Over the years, we have seen a million different ways of presenting the Eurovision Song Contest. Some presenters do it all by themself, while others present the show in pairs or in a group. In 2018 we get four presenters.
The Eurovision Song Contest began in Lugano in 1956 with just one host. Lohengrin Filipello presented 14 songs from seven countries. He is to this date the only male presenter that has hosted the contest by himself. Until 1978 the contest was presented by one host only, but suddenly we saw a male-female pair presenting the contest.
The 1999 edition was for the first time Eurovision was presented by three hosts – one man and two women. Since then we’ve seen male and female presenters – and one, two and three in the same year. But this year we see something new. After three male hosts last year, we now have four female hosts – although we almost saw the same in Vienna in 2015, a contest that had three female hosts and Conchita Wurst in green room.
Lisbon 2018: Sílvia Alberto, Daniela Ruah, Catarina Furtado and Filomena Cautela
Today at the first dress rehearsal for the first semi-final of Eurovision 2018 we saw them in action for the first time. All four come on stage in a big Good evening Europe.
Sílvia Alberto, Daniela Ruah, Catarina Furtado and Filomena Cautela all wear spectacular dresses, but it’s Sílvia’s big red dress that steals the picture. The introduction is very Eurovision-like, they come with some sailor jokes and naval references – the good old ship Eurovision – and inform the viewers of the voting procedure, Filomena Cautela is then sent to the green room far, far away – and the show goes on with the songs.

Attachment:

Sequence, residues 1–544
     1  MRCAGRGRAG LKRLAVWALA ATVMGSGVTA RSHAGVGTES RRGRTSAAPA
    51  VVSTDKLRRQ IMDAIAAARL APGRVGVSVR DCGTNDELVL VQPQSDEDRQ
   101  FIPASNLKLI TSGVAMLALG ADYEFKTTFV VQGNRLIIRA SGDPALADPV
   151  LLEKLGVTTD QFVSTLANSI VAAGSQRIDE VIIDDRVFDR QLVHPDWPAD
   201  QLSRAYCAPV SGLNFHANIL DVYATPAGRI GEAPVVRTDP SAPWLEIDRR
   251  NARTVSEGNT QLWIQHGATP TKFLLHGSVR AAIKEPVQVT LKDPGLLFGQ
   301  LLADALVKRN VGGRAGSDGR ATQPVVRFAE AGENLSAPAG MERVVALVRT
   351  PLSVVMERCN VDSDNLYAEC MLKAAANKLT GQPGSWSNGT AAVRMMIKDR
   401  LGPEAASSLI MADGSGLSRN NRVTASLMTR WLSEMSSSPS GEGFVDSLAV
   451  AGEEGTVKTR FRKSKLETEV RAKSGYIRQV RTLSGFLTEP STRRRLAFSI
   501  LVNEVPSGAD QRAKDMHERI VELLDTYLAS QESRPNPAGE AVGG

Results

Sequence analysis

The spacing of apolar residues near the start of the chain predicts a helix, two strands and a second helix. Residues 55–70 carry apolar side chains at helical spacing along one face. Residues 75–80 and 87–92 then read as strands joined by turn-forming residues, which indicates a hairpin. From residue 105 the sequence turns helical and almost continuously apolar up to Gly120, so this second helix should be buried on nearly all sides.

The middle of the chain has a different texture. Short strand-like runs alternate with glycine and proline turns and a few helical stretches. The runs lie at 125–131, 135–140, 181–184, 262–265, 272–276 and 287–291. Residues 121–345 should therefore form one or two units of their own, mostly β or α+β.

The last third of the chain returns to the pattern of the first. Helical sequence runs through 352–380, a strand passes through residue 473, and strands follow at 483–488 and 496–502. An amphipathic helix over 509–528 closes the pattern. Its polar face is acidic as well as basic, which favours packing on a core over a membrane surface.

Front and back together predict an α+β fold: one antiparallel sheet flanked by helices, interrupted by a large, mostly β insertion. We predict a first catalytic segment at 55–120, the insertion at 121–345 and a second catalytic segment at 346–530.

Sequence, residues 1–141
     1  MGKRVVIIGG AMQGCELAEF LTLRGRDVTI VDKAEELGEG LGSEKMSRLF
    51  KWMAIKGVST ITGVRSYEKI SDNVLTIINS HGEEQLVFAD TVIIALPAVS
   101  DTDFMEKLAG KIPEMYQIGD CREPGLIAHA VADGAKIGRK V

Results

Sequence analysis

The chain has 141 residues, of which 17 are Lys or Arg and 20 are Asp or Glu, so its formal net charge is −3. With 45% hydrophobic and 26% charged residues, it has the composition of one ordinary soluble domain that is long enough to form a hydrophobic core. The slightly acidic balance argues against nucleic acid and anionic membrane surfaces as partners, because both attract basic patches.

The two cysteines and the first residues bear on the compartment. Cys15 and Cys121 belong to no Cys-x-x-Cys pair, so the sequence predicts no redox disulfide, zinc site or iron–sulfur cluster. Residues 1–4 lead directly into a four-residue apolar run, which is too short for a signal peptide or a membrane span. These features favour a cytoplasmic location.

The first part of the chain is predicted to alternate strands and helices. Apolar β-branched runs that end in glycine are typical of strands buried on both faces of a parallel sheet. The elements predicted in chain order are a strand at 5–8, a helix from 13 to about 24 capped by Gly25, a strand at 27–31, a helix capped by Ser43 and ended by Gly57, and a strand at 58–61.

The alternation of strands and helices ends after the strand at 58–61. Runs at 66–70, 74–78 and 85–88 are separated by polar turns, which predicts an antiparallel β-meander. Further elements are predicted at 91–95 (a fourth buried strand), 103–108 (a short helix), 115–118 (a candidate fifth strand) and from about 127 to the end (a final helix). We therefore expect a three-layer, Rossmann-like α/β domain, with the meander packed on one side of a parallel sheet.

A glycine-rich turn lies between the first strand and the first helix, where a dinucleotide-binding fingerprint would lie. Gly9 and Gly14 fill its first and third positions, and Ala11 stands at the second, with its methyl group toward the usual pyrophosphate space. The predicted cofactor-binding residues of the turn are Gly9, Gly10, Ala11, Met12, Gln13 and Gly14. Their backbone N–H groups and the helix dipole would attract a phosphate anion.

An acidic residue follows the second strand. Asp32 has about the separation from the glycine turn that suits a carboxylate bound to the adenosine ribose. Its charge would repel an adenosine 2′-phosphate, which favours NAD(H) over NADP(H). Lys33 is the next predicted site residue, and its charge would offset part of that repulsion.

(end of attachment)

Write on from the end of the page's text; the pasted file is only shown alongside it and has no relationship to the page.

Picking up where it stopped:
After Lithuania, song number 6, we have a commercial break and the hosts are back. Or mostly it’s Filomena Cautela that’s back. She is in the green room, which is not green at all. She says hi to a lot of the contestants and she’s handed a microphone and replies “thank you sailor boy”. Then she talks to few of the contestants and play a small piano toy. Later she gets a card also with a “thank you sailor boy”. And then the commercial break ends and you get a reminder to download the Eurovision app.
After Croatia we have another break form surfing sound waves, as the host say. Again. we go to the green room with Filomena Cautela. This time we get a sneak peak of what’s inside Mikolas’ bag (Czech Republic) and Alekseev (Belarus) gives Filomena a red rose.
After all the songs have been performed, we see Filomena Cautela with a Eurovision fan in the audience, who she asks for a selfie #allaboard. In between the recaps the hosts have printed several thousand ballot papers from the viewers, but they’re turned into paper boats, as it takes too long to count the votes that way. Instead we meet the two persons who take all the voting calls from the viewers and say “thank you”. Filomena takes one call and just keeps talking and talking. Later you see the presenters play the new Eurovision Song Contest board game.
All in all, the time slot between last song and the revealing of the ten finalists is filled with a lot of interviews, small talk, little pre-recorded films etc. But there is no interval act on stage, as we are used to.
If you were hoping for some music and cabaret-like show performances from the hosts – like for example Petra Mede and Måns Zelmerlöw in 2016 – you’ll get disappointed. The hosts this year – based on first semi-final – are talking a lot more, and it’s kind of similar to what we saw in Vienna three years ago.